Lakewood Seeks Coalition of Cities on Water Issues


City officials have decided to launch an ambitious effort to give Lakewood and other Southeast cities more clout with federal, state and local agencies that have authority over the area's water supplies.

The City Council voted unanimously Tuesday to try to organize a coalition of up to 20 cities stretching from the Whittier Hills to Long Beach, including Downey, Bellflower, South Gate, Compton, Paramount, Montebello, Norwalk and Cerritos.

The coalition is the centerpiece of the city's "water resource management strategic plan," designed to preserve the quality and supply of its water, 95% of which comes from wells.

The coalition--an idea Lakewood must sell to its neighbors in the Los Angeles County Central Basin--would represent the cities' interests before the myriad of public agencies that make decisions about water, such as the federal Environmental Protection Agency, the State Water Resources Control Board, and the Central and West Basin Water Replenishment District.

"This is an issue that relates directly to the quality of life in Southern California," said James L. Easton, the consultant Lakewood hired last year to help draw up a plan for safeguarding the city's water.

Lakewood officials already have informally approached a few neighboring cities, and the response has been positive, said James B. Glancy, the city's director of water resources. Now that the council has adopted the strategic plan, Glancy added, the city can formally begin an organizing effort.

In South Gate, the director of public works and engineering, Rollie D. Berry, said that Lakewood's call for a coalition is an excellent idea. "There's really no coalition among (the cities) to make their wants and needs heard through a common voice," Berry said.

South Gate had to close six of its 14 wells because of contamination from industrial solvents and recently issued $14.7 million worth of bonds to pay for their cleanup, Berry said.

Lakewood and other cities want to maintain an adequate supply of good water for their residents, Easton said, but they cannot do that if the supply is threatened by events that happen along a river bank in Northern California or in a factory in Monrovia.

"Aquifers don't know city boundaries," said Councilman Marc Titel, referring to the underground storage areas that move water and toxins miles from their origins.

It has been determined by state and federal agencies, for example, that ground water underneath the Central Basin cities is threatened by toxins that were left in the ground decades ago by industries in the San Gabriel Valley.

One of the largest toxic plumes, Easton said in an interview before the City Council meeting, has collected in the Whittier Narrows at the intersection of the 605 and 210 freeways, and it will slowly move southward.

"This plume is pointing just like a gun at the Central Basin," said Easton, who is vice president of Willdan Associates, a statewide engineering and planning firm. He also is the former executive director of the State Water Resources Control Board.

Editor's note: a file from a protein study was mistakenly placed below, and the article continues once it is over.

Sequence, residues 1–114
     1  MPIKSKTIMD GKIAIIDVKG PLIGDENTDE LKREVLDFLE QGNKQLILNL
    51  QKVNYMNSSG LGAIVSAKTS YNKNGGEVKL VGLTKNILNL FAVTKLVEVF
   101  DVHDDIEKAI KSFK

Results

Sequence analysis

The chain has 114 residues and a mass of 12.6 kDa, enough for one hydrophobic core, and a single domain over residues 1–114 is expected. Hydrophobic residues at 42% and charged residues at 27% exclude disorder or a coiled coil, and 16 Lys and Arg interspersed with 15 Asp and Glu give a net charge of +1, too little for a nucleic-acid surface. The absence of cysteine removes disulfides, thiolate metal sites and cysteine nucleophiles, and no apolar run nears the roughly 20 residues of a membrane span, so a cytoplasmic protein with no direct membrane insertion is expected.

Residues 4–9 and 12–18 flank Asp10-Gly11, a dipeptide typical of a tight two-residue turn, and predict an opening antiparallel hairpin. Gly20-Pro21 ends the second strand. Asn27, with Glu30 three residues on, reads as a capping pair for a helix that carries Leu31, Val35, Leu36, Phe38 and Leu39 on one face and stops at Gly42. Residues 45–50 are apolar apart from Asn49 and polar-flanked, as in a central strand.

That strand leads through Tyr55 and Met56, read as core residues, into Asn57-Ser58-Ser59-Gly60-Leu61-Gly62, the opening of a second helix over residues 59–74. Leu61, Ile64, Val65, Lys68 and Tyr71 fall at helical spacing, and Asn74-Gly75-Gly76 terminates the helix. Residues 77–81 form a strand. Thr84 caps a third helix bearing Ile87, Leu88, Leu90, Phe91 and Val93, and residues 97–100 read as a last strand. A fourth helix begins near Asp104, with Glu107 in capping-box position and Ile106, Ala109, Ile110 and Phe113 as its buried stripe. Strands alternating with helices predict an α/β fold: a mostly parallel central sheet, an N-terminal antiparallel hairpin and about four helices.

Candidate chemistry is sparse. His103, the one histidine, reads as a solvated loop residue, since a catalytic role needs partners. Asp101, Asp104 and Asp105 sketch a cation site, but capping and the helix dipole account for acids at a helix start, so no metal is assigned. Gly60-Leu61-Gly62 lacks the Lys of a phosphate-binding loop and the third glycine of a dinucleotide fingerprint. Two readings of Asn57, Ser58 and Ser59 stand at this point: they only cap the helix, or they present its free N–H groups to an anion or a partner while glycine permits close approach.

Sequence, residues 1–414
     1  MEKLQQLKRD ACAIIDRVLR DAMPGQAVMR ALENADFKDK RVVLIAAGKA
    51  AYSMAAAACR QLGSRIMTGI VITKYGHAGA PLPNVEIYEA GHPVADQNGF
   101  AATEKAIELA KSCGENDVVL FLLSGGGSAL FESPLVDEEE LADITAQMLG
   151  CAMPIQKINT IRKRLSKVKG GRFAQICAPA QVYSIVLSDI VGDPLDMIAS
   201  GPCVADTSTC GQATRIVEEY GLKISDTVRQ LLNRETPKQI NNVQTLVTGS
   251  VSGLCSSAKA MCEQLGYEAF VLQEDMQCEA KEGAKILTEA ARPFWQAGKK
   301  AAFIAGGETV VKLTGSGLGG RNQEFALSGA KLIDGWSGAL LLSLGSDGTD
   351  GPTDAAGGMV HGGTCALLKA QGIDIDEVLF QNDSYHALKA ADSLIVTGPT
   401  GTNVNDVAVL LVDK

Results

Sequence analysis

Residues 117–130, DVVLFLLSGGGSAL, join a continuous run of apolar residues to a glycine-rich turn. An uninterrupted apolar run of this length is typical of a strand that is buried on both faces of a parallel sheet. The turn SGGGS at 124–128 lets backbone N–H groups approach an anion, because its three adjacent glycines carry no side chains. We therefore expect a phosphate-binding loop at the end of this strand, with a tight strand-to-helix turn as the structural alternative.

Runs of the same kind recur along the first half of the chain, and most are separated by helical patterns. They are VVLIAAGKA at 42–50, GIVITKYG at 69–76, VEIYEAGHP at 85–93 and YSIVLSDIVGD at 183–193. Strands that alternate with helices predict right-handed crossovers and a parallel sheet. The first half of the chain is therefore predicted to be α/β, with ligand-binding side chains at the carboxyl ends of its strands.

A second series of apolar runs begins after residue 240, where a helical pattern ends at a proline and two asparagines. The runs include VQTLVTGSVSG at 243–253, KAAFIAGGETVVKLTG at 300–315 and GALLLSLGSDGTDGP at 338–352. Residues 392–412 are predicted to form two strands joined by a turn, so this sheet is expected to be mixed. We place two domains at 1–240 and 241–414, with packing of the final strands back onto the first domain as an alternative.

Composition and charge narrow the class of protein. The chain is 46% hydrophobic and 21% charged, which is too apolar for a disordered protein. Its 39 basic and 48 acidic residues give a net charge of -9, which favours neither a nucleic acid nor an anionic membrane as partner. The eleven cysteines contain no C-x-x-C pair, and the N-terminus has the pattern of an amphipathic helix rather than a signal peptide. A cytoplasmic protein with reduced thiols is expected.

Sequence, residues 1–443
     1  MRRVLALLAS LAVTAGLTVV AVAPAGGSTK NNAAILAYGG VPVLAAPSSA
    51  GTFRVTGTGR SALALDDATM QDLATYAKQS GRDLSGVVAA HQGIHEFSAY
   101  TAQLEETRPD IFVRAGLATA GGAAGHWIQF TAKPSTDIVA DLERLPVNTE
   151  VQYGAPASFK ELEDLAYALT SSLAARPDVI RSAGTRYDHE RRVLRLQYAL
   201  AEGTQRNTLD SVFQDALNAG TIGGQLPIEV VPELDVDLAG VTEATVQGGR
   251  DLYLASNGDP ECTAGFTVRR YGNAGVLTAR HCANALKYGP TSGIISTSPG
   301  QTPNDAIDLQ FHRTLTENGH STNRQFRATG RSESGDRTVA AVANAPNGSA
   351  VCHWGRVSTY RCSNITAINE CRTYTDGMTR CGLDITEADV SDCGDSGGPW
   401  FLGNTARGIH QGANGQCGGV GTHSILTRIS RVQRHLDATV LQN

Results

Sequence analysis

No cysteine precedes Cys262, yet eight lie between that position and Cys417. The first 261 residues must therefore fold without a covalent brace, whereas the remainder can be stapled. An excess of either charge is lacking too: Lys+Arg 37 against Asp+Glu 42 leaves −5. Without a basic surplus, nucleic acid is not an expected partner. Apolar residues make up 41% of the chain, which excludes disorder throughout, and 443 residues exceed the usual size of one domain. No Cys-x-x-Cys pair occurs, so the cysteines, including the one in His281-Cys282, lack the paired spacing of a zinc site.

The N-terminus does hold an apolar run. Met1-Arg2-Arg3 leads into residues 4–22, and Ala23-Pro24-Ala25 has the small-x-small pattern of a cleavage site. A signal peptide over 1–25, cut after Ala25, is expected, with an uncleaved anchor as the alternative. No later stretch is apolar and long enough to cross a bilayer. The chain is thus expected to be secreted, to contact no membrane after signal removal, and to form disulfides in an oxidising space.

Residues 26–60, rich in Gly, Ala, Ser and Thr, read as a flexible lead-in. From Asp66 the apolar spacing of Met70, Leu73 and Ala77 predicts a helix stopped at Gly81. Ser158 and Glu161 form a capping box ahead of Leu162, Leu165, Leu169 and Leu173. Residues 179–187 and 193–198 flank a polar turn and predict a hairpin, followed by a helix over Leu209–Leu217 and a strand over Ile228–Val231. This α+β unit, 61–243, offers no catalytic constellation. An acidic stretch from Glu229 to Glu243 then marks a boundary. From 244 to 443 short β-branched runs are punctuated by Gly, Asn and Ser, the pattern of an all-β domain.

The site has been designated for cleanup by the federal government, but that will cost from $600 million to $800 million, Easton said. The federal government says it does not have money to pay for the cleanup, but a regional coalition of cities, he suggested, could begin lobbying federal and state lawmakers to raise the money.

Lakewood's strategic water plan also calls for lobbying the state and federal governments to hire more staff in agencies that are responsible for identifying polluters and prosecuting them.

"Preventing (pollution) is a lot less expensive than cleaning it up," Easton said.

Another critical element in Lakewood's plan is to encourage the use of reclaimed water--sewage water that has been treated and is used for watering landscaping. Cerritos, Lakewood and several other cities in the Southland already sell treated water to large users such as school districts and industrial parks.

The plan also calls for the city to support the construction of the Peripheral Canal, which would transport water from Northern California rivers to Southern California.

Lakewood is believed to be the first city in the state to take such an active stance on water issues, Easton said.

What made the city decide to champion the water issue?

"We asked ourselves the same question," Titel said. "And I guess the answer is that nobody else is doing it."

Titel, along with Councilman Robert Wagner and City Administrator Howard L. Chambers, was on the ad hoc committee the City Council set up last year to study water issues and come up with the strategic plan. The council on Tuesday converted the ad hoc body to a standing committee.

Lakewood, Titel acknowledged, is a relatively trouble-free community that prides itself on addressing critical issues before they become big problems. "Because there aren't a lot of problems, our staff is not fighting fires all the time. It allows our staff to be creative and think about problems like this," he said.

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